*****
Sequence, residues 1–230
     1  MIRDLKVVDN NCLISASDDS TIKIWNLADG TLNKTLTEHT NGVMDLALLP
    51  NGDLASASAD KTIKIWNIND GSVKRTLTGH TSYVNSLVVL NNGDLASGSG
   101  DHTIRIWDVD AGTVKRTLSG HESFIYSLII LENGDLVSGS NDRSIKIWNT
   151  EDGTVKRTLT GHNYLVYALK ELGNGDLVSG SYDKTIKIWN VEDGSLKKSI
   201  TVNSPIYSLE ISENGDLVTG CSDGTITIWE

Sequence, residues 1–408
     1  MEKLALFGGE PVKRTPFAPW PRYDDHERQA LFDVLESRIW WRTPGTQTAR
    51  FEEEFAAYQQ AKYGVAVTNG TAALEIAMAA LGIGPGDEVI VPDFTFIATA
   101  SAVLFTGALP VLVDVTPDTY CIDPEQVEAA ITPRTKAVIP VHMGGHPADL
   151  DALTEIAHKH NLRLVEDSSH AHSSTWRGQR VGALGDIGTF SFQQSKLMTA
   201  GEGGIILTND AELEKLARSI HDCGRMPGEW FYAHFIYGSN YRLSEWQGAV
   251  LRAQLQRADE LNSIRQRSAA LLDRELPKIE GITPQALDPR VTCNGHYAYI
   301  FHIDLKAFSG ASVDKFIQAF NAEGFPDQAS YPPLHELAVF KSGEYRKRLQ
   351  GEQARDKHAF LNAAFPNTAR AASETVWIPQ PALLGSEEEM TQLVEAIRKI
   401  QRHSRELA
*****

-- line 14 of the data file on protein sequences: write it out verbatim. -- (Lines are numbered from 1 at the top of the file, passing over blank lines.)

   301  FHIDLKAFSG ASVDKFIQAF NAEGFPDQAS YPPLHELAVF KSGEYRKRLQ